Some perennial department store power players are posting rejuvenated financial performances, while others are showing the scars from battling through the recession and changes in consumers’ shopping habits.
Dillard’s posted a 24 percent earnings gain and 5 percent same-store sales growth in the first three months of this year, while Neiman Marcus extended a streak of revenue growth in the quarters leading up to the end of its fiscal year this month. Belk is riding a wave of popularity as it continues to remodel and upgrade its store base, while Nordstrom has put together a string of double-digit year-over-year sales gains.
Sears has been selling stores as it struggles with the hybridization of its catalog/general merchandise legacy and the Kmart discount store format. At J.C. Penney, things seemed to be tooling along nicely under former Apple executive Ron Johnson until Q1 figures were announced. Shares plunged, but major investor William Ackman says consumers just haven’t grasped all the new things the retailer is doing.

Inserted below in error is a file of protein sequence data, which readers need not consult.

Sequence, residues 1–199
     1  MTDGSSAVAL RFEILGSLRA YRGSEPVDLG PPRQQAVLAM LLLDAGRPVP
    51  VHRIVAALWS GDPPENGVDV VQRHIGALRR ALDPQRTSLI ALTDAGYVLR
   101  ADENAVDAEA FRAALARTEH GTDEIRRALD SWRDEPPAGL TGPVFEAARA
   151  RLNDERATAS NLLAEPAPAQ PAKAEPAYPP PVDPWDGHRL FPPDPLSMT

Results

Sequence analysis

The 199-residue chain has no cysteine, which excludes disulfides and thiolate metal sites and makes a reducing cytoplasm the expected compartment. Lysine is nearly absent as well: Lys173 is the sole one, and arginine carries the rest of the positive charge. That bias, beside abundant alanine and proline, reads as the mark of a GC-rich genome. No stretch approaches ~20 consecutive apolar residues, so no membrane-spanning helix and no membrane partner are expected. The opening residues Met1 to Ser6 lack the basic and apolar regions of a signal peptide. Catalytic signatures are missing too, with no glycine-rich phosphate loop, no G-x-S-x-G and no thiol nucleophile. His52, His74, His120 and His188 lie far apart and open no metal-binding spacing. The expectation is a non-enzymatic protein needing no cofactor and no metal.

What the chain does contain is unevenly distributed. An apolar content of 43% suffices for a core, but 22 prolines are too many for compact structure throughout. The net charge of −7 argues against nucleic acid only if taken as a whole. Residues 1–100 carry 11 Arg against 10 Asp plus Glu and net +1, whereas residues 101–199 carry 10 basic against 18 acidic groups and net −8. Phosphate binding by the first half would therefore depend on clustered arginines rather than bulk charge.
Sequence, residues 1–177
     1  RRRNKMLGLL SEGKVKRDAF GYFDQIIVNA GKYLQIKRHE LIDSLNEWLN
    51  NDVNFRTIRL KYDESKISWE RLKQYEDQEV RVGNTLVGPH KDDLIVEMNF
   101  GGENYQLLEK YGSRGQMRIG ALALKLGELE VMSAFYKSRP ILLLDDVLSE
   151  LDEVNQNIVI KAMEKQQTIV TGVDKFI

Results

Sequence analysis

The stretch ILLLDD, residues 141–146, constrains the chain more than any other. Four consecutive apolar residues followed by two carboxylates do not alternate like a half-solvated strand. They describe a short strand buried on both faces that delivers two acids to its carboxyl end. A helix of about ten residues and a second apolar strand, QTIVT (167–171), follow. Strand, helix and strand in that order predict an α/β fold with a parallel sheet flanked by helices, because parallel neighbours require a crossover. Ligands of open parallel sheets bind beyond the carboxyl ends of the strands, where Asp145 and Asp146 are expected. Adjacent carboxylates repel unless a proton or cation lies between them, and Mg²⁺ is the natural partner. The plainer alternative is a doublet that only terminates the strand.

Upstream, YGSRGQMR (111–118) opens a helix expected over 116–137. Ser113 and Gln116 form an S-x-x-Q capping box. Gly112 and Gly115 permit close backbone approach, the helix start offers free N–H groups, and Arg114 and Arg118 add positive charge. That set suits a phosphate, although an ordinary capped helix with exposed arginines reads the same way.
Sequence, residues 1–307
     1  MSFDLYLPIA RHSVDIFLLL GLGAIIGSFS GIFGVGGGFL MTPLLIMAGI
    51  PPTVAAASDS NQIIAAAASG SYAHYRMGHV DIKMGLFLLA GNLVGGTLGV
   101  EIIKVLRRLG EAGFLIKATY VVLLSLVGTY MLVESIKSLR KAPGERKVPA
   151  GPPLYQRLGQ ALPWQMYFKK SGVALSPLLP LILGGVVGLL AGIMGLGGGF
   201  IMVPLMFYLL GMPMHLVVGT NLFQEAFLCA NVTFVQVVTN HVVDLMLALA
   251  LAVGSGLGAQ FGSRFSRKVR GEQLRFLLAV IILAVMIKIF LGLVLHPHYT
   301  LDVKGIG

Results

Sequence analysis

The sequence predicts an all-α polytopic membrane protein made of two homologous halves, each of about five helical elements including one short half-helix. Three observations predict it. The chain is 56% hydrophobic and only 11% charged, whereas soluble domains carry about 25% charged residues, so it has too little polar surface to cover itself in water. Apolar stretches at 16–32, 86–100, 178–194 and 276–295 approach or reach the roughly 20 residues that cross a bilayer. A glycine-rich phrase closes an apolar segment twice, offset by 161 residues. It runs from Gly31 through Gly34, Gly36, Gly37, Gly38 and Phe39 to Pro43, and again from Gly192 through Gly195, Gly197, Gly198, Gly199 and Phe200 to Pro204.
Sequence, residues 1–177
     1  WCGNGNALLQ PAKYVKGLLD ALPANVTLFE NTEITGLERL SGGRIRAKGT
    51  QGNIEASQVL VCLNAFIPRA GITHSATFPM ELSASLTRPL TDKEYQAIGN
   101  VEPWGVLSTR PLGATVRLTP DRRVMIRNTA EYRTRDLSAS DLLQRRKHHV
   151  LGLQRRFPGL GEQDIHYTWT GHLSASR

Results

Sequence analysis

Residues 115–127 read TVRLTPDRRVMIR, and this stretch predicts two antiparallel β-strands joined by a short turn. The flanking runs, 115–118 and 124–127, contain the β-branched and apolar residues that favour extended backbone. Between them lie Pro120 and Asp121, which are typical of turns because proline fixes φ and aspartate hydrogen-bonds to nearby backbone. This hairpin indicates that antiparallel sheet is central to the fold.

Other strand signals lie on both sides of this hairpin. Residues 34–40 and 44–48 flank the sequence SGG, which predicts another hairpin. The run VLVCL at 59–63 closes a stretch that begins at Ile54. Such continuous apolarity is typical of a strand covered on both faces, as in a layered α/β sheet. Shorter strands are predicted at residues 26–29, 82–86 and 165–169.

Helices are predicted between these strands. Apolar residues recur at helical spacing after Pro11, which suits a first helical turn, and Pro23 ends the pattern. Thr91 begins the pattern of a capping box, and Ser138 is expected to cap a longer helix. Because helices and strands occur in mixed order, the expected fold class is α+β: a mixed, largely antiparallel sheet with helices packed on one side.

“It’s a difficult transition,” Ackman says. “There are some extreme couponing customers who we probably lost money on, who may not come back, but [with] the people who are focused on quality and value and ultimately product, we should do very well.”
Macy’s is using its iconic name, first-class real estate and a well-executed multi-channel strategy to reach the forefront of retailing. Growth “came from stores and online and across geography and categories of business,” says chairman and CEO Terry J. Lundgren. “We are seeing the ongoing benefit of … My Macy’s localization, omnichannel integration and associate training to enhance our customer engagement.”